There is no need for repayment, but the interest will be charged back to the loan. It will compound over time so the loan balance may increase unless the borrower makes voluntary payments. The loan, inclusive of all fees and interest, will be repaid once the last surviving borrower dies (for elderly couples), the borrower moves into aged care, or the borrower sells the property on their own preference.

Myth No. 3 – Reverse Mortgage Is a Last Resort Option

As the Australian market develops, reverse mortgage loan products are increasingly sophisticated and becoming more flexible. Hence, it is no longer a last resort option if you need money during retirement. With a reverse mortgage from Seniors First, you can choose to receive the proceeds in:

  • a lump sum
  • a regular income stream
  • cash reserve
  • or a combination of all

Hence, you can design your loan drawdown options according to your preferences and needs. If you need money to upgrade your home to make it more comfortable during your retirement, you can choose to take a lump sum. If your aged care pension will not suffice, you can choose a regular income stream so you can live a more comfortable life.

In the past, lenders offered a range of different interest rate options, including fixed, capped, and variable. However today there are only variable interest rates available for reverse mortgage loans.

Myth No. 4 – Getting a Reverse Mortgage Will Leave No Inheritance for Kids

Among the most common concerns that most retirees have about reverse mortgages involve how the loan will affect their capacity to leave the property to their children.

If you get a reverse mortgage, you can still leave the property to your children once you pass away. However, you will not leave them the whole value of the home. It is crucial to understand how the product works before you sign up because your children will have to repay the loan if they wish to keep the property.

Some lenders offer an option called ‘Protected Equity’, which guarantees that a requested proportion of equity is preserved for beneficiaries (it also means you can’t borrow as much). If you choose a loan without protected equity, then the amount of equity you will have left will be determined by the following factors:

  • The term of the loan/how long you live
  • Interest rate movements
  • Growth rates in the value of your property

Although the interest will accumulate and compound, based on past trends your property should also increase in value over time, offsetting the increasing loan balance.\

Myth No. 5 – Reverse Mortgage Loans Carry Expensive Interest and Fees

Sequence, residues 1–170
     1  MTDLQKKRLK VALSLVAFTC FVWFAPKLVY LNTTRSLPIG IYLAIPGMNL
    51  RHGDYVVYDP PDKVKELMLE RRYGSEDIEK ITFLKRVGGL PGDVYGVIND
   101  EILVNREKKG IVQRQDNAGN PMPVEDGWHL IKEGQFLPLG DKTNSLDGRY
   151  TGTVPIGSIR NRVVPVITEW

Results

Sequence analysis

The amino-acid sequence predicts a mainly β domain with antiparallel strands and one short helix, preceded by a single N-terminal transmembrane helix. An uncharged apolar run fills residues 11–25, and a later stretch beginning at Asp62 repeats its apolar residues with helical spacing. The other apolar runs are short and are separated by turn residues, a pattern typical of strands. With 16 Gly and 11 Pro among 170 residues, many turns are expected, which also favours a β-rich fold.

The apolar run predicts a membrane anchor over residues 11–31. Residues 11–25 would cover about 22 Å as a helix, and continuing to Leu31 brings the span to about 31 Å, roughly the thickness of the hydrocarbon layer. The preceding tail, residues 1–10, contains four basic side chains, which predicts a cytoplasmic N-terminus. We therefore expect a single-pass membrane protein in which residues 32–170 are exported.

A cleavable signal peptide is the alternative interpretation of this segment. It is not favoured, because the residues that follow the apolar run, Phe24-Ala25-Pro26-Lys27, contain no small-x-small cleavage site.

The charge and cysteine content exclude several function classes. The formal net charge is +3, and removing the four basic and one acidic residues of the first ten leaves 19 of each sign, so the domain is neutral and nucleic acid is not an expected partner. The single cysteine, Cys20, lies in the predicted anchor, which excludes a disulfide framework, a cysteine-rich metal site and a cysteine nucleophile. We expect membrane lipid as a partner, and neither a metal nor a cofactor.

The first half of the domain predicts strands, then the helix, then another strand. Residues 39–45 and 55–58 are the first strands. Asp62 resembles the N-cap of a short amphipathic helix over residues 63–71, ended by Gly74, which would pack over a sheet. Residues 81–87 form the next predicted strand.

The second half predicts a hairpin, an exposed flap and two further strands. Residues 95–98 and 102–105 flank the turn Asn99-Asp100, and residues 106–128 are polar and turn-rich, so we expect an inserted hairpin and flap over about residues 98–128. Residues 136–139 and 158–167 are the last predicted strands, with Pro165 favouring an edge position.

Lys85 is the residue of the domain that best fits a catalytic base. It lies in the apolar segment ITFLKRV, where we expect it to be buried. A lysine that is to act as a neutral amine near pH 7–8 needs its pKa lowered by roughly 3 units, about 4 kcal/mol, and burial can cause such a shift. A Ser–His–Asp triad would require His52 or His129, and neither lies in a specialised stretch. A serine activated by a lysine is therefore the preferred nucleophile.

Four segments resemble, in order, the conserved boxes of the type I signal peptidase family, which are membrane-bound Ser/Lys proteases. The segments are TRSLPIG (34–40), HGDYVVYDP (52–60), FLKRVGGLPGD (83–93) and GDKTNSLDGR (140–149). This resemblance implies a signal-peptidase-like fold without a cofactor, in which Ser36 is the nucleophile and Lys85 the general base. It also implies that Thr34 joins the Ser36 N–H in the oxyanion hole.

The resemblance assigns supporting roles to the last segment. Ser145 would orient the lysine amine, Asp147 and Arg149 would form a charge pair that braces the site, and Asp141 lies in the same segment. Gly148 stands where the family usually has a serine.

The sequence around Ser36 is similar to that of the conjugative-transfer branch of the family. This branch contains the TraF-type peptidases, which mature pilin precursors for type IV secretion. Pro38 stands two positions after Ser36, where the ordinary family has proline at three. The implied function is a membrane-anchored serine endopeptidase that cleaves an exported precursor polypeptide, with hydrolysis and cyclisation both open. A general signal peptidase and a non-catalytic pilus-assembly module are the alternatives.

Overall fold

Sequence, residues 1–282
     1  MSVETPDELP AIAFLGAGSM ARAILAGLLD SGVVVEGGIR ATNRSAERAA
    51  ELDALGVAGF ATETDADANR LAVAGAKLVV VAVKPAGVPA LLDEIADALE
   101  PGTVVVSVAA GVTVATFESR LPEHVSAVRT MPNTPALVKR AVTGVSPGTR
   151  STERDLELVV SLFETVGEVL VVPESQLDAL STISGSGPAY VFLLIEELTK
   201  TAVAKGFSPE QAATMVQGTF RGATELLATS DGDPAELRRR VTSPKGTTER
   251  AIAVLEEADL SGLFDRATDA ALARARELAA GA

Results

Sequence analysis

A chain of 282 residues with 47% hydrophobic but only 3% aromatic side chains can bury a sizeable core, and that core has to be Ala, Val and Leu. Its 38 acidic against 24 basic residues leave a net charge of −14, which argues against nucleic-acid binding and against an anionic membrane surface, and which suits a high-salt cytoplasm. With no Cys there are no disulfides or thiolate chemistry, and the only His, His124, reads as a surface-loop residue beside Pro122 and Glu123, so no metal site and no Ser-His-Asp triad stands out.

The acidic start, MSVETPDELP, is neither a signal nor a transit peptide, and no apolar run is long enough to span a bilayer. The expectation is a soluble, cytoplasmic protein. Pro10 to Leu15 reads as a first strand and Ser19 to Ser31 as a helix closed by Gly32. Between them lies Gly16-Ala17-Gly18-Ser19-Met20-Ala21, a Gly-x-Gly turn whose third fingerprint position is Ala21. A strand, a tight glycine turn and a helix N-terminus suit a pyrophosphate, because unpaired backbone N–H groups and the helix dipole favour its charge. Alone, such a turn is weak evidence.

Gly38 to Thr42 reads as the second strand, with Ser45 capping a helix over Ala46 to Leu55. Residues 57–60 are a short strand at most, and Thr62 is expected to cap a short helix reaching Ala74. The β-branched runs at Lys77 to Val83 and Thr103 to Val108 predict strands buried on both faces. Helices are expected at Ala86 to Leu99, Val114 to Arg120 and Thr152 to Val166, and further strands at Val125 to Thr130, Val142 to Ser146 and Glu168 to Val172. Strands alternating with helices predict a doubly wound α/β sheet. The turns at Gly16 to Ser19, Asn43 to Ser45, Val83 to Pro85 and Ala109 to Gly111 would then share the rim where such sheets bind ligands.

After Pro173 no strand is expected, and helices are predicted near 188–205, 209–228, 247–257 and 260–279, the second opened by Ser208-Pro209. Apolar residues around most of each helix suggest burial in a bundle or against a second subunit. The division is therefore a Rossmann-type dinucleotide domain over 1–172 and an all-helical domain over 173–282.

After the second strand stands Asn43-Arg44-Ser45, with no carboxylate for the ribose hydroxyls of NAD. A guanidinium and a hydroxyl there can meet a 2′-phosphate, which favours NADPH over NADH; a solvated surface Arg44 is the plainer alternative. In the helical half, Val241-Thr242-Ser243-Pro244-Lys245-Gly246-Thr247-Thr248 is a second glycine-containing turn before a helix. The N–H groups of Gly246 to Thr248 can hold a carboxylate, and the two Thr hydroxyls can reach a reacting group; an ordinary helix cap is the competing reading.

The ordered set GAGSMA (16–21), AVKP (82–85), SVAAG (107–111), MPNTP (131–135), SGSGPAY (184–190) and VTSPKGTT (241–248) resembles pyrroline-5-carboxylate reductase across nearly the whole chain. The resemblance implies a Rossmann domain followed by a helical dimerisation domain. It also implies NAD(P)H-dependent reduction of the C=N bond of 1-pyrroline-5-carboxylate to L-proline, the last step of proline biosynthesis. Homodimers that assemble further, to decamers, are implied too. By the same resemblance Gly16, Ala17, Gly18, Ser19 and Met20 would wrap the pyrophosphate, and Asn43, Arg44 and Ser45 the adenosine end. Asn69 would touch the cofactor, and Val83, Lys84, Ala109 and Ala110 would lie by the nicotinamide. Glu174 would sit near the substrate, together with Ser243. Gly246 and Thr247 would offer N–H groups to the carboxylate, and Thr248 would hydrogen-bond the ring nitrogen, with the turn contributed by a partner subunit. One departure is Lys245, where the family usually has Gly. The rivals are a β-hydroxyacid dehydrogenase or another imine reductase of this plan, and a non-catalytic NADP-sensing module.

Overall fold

As with any type of home mortgage loan, there are also fees in establishing a reverse mortgage – known as set-up costs – that vary depending on the property value, market conditions, interest rates, and loan terms. The fees and interest rates are also calculated according to several factors such as your life expectancy, number of expected years in the property, any existing mortgage balance or liens, the property’s postcode, and your age.

With all the needed details, a reverse mortgage specialist from Seniors First can help you determine the associated fees and exact interest rates for your particular loan.

[ALSO READ: The Advantage of Taking a Reverse Mortgage Now ]

With Seniors First, you may need to set aside $1,500 to $2,000 in total to establish your reverse mortgage loan. This amount includes the main costs such as the lender application fee, government charges, your legal advice fees, and any broker fees. This is an estimate only; you could pay more depending on the circumstances. If you are low on cash, you can usually elect to pay these reverse mortgage costs from the loan proceeds.

Consult a Professional Reverse Mortgage Specialist Today

A reverse mortgage from Seniors First can help you finance the life you want during retirement. If you need more information, or if you want to clarify anything about getting a reverse mortgage, call Seniors First on 1300 745 745. You can also download our FREE GUIDE.

Regards,

Darren

 

20
Dec

The Importance of Having Multiple Sources of Income during Retirement

Research from global wealth and retirement consultant Mercer shows that more than 60% of retirees face a looming crisis of running out of money before they die. Most Australian seniors only have enough savings to last 14 years beyond retirement and may outlive their savings by five years.

So if you don’t have enough savings for your retirement, there’s a high chance that you will find it hard to make ends meet once you stop working. One way to live a comfortable retirement is to obtain multiple sources of income, which will not only sustain your daily expenses but also protect you from different financial risks.

Below are possible income sources that you can establish during retirement:

Income from Super

Superannuation is a primary source of retirement income. One major advantage of super is that you may pay less tax than if you choose to invest your money outside super. There is also no limit on how long you can keep your money in your super fund, and you can access it anytime during retirement. The disadvantage of super is that it is locked away until you are between age 55 and 60.